Master Chief had lots of good reflections and stories. But I was surprised that he broke from the Veteran’s Day façade of “Thank you for your service. As far as the whole our-taxes-pay-you-to-murder-death-kill-our-enemies…Let’s not go there. But thank you for your service.”

Well, Master Chief was going there. He told a story about how his squad was taking fire and how it all happens in slow motion when you think you might die. But his faith carried him through and he stood up with his machine gun and started firing back. This Rambo move was the reason his squad was able to get out of the firefight.*

I only caught some of his story because I was using the restroom for the second time. But I filled in the gaps in my mind with Master Chief killed Bin Laden and Master Chief killed all of ISIS and Master Chief was Quinn from Homeland.

My dad wondered aloud if this ultimate sacrifice/price of war was a bit much for elementary school kids.

“Dad, everything here is a ‘bit much.’” I whispered back. Hello? Did he miss the four pledges?

Also, did he miss the music teacher conducting the audience through the Star Spangled Banner? That happened, by the way. The music teacher conducted the audience instead of the choir during sing-alongs. She wore a lovely sparkly wrap from Chico’s that fell off her shoulders as she waved her quivering forearms at us. And while no one is a better choir conductor than Whoopi Goldberg in Sister Act, this lady is a close second place.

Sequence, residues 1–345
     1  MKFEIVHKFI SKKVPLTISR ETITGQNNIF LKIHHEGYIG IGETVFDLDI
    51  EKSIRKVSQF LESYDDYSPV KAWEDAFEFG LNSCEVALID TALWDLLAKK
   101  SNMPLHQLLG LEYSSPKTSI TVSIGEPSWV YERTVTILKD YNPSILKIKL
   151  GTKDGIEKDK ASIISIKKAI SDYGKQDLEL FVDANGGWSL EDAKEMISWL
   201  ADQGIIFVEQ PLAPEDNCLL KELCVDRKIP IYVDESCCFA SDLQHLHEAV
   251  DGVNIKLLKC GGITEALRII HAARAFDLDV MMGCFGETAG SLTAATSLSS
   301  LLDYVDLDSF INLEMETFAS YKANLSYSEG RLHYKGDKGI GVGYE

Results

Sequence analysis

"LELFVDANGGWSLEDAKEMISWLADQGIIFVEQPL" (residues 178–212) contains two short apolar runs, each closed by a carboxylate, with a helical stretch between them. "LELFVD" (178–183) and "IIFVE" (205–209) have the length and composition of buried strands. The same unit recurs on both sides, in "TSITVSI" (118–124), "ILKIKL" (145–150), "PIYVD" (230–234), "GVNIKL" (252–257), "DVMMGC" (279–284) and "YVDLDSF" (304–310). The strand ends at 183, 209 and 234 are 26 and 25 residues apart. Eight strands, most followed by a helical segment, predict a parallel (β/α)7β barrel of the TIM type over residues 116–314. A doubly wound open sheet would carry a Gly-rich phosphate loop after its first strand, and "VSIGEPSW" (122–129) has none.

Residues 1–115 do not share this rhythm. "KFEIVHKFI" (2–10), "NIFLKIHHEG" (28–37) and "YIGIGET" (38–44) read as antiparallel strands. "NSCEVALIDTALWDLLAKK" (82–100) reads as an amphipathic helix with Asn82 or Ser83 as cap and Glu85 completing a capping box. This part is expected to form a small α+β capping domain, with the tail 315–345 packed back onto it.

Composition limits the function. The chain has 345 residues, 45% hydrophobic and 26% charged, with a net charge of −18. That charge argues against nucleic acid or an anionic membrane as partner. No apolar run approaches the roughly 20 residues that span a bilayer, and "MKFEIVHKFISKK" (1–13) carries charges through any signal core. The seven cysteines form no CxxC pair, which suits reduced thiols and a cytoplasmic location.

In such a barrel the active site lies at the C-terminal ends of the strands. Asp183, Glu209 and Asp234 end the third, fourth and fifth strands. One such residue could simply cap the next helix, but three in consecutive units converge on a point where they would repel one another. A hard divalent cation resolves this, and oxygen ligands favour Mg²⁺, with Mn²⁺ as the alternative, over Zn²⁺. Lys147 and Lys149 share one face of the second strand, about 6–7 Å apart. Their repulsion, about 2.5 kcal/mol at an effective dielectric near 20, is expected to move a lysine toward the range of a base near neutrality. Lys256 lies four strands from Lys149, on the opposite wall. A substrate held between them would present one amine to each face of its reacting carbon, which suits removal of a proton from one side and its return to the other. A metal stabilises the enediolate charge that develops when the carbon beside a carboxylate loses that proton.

And you know who didn’t think Master Chief’s Rambo-ISIS story was too much? The lady in the last row. She wore an American flag dress jacket with sequins all over it. I imagined her admonishing the dry cleaner about how to properly clean such a garment. She looked like she was about to coach the 1980 US Women’s Gymnastics team in Lake Placid. It’s the height of the Cold War. The only way to stop the Commies is with sequins and sticking the effin’ landing.

*At no point did Master Chief refer to himself as Rambo. Because when you’re a frickin’ Navy SEAL Rambo, you don’t have to use weak ass Hollywood references.

Comments Off on The “Jesus was an American” Assembly

Filed under education, family, motherhood, texas

Second Grade

Jackson holds a chalkboard apple on his first day of second grade.

On Monday, Jackson started second grade. Actually, since he is the first-born, we all started second grade together. I fussed over the chalkboard apple and my subpar font. And his outfit. And his hair. And what do you put in the school bag? At least I had his lunch is down pat. Uncrustables & Capri Suns since day one of kinder. Lunch, consider yourself, phoned in. Judge all you want, readers.

Darcy spent the morning pissed that it wasn’t her first day of school. She is generally resentful of being the youngest and so she is always finding ways to commit family treason on special mornings like this one. Sidenote: Yesterday Darcy helped me start Jackson’s laundry. After diligently putting all his clothes in the machine, as instructed, she poured bleach on them and started it. While I applaud her self-direction here, she could have stopped after she completed her task and chosen NOT to be treasonous whilst my back was turned.